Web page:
Feminist groups want schools to be required to monitor social media
A coalition of interest groups wants the U.S. Department of Education to require colleges to monitor social media and protect students from threatening and offensive comments.
The request was made last week by 72 women’s and civil rights groups, who claimed that harassment and threats on anonymous apps like Yik Yak are an emerging Title IX issue, according to Inside Higher Ed.
“Students on college campuses throughout the country have with increasing frequency used anonymous social media applications, such as Yik Yak, to target women students, students of color, and sexual minorities with harassment, threats, and other forms of intimidation with impunity,” the coalition said in a press release. “Earlier this year, students at the University of Mary Washington (UMW), for example, were threatened through Yik Yak with rape and murder after they spoke out against rape culture.”
The groups complain that the typical response to such incidents by university administrators has been “to disclaim responsibility for harassment and threats that occur on that platform” because the site is anonymous and accessible without using university servers.
In the UMW case, Feminists United on Campus (FUC) and Feminist Majority Foundation (FMF), both members of the coalition requesting federal intervention, filed a Title IX suit against the school, charging administrators with a “systemic failure to protect students from a sexually hostile school environment, from sex-based cyber assaults, and from threats of physical and sexual violence.”
University President Richard Hurley responded in June with a letter calling the allegations “irresponsible” and contending that the First Amendment prevents public institutions from taking the sort of actions the groups demanded.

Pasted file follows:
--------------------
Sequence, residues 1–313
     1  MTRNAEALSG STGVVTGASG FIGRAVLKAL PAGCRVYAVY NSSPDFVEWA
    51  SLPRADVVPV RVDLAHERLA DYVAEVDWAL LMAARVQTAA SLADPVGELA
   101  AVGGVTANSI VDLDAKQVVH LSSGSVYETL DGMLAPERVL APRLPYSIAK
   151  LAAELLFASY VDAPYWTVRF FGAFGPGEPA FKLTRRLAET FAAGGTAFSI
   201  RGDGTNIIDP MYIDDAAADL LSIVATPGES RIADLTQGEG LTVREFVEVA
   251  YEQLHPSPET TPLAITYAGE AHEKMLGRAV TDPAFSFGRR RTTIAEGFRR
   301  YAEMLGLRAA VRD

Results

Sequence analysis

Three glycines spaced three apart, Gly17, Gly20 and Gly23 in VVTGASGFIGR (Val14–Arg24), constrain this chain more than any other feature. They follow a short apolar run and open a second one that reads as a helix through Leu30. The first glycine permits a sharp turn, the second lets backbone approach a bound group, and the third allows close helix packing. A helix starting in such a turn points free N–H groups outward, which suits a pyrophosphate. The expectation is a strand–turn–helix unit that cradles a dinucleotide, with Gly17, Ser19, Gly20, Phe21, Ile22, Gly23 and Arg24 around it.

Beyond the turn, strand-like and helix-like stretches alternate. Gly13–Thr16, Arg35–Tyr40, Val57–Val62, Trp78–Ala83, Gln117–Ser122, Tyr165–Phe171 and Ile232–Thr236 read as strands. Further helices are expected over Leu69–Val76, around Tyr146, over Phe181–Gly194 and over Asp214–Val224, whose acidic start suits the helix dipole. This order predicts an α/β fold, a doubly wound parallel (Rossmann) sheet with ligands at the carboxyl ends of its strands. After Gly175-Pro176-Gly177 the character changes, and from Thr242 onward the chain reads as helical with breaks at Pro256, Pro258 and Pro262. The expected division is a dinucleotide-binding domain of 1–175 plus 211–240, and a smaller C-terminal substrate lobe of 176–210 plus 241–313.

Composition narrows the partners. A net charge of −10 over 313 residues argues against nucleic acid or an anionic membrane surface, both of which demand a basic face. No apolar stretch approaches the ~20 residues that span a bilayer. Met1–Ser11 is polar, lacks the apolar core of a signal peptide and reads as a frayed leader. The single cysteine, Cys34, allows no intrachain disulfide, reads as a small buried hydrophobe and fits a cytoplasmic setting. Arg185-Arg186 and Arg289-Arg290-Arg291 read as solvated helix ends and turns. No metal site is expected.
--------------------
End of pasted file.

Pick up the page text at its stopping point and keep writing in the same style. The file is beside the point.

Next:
“Although I understand that FUC may be upset that UMW has not ceded to its demands to ban Yik Yak from campus, it is important to understand that as a public university, UMW is obligated to comply with all federal laws—not just Title IX,” Hurley explained. “The First Amendment prohibits prior restraints on speech, and banning Yik Yak is tantamount to a content-based prohibition on speech.”
Despite Hurley’s reasoning, the groups announced in the press release last week that the DOE’s Office of Civil Rights has decided to investigate their complaint, though no timetable has yet been given for the process.
At the same time, they also want OCR to “issue clear guidance concerning anonymous social media,” including “information about what steps educational institutions must take to determine whether unlawful harassment is occurring on these platforms, without forcing victims themselves to police these platforms, and a clear path that educational institutions must follow to identify and prosecute anonymous harassers.”
Yet some experts say that not only would such a requirement raise First Amendment concerns, it would also be difficult, if not impossible, to implement.
“To require universities to police anonymous speech online sets them up for failure, even setting aside the First Amendment implications, which I think are substantial,” Will Creeley, vice president of legal and public advocacy at the Foundation for Individual Rights in Education (FIRE), told Inside Higher Ed.
Creeley noted that the Supreme Court has repeatedly affirmed the right to anonymous speech, adding that while the court allows exceptions for threatening and defamatory statements, “making that determination is beyond the competency of colleges.”
“Universities are in a very difficult place,” agreed technology and legal issues consultant Tracy Mitrano. “They are interested in being sure their campus is a safe place to women and minorities, but they are being asked to control things out of their control.”
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